The RNLI is well known for saving lives at sea along the British coastline. It currently operates 237 lifeboat stations around the country, with a fleet of more than 340 lifeboats.
The RNLI attends over 15,000 incidents annually, with an average of 24 people rescued each day. Keeping their equipment well-maintained is therefore of critical importance to their rescue operations. It can also make a huge difference to the charity’s finances, as daily wear and tear on equipment can cost up to £260,000 per year.
BU’s Dr Ben Thomas started working with the charity to analyse its slipway design to improve performance and reduce damage to both the slipways and the boats as part of his PhD. This direct collaboration shows how the fusion of education, research and professional practice leads to innovative solutions to real-world problems.
In order to prevent friction damage to launch slipways, lifeboat crewmen would apply a layer of grease, but long-term use had both environmental and safety implications.
Through working Ben, a solution was developed which led to the redesign of slipway panels, thus doubling their lifespan. A move from grease to a water-based lubricant also helped to reduce the environmental damage caused.
Learn more about this project
Designing sustainable lifeboat launch systems
During his research, Ben analysed the contact conditions between the 15cm-wide keel of a 35 tonne lifeboat during a 45mph launch. His analysis led to a number of recommendations:
- Ensuring all slipway panels are aligned along the full length of the slipway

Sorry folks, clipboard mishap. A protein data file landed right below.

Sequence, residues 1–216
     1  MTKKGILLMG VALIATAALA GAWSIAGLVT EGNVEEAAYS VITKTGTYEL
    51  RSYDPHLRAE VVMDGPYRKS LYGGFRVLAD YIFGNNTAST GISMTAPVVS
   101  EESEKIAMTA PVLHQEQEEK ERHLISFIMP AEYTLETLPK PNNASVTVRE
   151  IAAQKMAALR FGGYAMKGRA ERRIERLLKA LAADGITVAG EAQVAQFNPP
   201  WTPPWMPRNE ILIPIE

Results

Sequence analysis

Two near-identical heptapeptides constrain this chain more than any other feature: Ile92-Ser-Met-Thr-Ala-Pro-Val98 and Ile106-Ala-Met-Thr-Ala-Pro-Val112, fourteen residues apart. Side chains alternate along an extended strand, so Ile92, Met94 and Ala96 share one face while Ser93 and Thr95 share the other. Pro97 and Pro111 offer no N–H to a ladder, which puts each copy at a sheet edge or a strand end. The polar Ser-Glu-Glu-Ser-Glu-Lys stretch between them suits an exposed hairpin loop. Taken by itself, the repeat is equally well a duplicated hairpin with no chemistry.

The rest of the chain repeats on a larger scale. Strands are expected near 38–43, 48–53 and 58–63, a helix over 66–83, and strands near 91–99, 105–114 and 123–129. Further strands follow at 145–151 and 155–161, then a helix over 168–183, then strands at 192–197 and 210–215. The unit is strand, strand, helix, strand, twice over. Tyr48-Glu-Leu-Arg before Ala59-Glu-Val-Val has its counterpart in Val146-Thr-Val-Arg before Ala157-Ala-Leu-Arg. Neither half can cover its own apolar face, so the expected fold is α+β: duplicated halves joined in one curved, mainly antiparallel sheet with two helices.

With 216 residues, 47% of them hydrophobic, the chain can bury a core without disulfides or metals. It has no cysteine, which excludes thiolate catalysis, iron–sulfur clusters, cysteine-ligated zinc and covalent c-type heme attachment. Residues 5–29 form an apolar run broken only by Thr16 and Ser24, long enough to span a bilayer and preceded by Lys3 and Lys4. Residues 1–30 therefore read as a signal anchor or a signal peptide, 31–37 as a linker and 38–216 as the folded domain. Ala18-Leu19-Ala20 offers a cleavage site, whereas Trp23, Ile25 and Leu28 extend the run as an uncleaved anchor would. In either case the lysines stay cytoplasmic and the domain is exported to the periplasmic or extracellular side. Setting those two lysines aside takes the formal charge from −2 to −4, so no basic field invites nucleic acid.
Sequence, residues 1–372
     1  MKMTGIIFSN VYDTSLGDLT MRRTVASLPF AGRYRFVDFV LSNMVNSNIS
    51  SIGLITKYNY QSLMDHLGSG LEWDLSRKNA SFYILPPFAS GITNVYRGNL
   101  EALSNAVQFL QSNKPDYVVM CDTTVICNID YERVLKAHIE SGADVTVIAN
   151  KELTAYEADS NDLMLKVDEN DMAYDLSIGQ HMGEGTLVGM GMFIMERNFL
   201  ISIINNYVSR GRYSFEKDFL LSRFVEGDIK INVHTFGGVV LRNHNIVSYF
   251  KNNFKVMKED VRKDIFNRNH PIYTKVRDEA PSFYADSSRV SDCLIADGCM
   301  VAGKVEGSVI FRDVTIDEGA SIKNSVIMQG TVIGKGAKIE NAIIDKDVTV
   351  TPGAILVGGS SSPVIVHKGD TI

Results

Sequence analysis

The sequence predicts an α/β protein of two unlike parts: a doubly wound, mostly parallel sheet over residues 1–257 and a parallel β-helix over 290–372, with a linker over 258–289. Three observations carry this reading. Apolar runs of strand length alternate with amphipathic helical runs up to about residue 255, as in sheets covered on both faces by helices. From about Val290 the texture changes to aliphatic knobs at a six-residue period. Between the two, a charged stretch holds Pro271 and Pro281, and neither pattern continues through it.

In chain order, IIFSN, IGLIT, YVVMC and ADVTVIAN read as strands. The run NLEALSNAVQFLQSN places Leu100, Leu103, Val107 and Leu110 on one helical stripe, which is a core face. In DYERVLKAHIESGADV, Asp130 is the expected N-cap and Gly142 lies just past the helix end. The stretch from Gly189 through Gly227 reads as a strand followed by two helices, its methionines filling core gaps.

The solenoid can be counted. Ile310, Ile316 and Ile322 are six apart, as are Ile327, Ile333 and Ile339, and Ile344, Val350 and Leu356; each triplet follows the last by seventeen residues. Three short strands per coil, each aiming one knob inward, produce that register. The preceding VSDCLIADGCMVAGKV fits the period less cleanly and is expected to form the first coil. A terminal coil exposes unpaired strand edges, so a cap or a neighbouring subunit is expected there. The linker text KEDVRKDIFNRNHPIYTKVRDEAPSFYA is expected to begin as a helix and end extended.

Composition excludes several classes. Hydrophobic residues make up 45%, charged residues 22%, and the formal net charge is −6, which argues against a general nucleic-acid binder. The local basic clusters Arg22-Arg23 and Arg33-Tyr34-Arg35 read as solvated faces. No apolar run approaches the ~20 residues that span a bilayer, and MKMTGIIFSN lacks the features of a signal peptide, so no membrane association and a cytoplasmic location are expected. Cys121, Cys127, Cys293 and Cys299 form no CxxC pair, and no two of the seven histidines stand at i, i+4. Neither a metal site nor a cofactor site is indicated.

- Making a small change to panel geometry to incorporate a chamfer to significantly reduce wear development
- Introducing a new water-based slipway lubrication system, rather than applying grease directly to the slipway, which would reduce operational costs and the environmental impact of slipway launches
- In the interim, substitute marine grease lubrication with biodegradable grease, which reduces the effects of grease bioaccumulation at the base of the slipway.
The university also prepared a slipway guidance design document for the RNLI to help the charity’s technical staff follow best practice when installing and maintaining slipways.
Since 2008, the new water-based slipway lubrication system has been introduced to more than one-third of RNLI lifeboat stations, enabling the charity to increase the number of standby lifeboats that are ready to engage and save lives at sea.
The development has also helped the RNLI make cost savings of approximately £200k per year, in addition to improving crew safety and RNLI launch reliability, while reducing maintenance downtime and machine failure.
After completing his PhD, Ben was appointed as a Lecturer in Sustainable Design at BU, giving him the opportunity to pass on the wealth of knowledge gained through this and the other projects he’s worked on to the next generation of engineers. Ben has been instrumental in developing sustainable design teaching at undergraduate and postgraduate level since 2009, encouraging our students to develop creative solutions to engineering problems, supported by a wealth of scientific evidence and experience.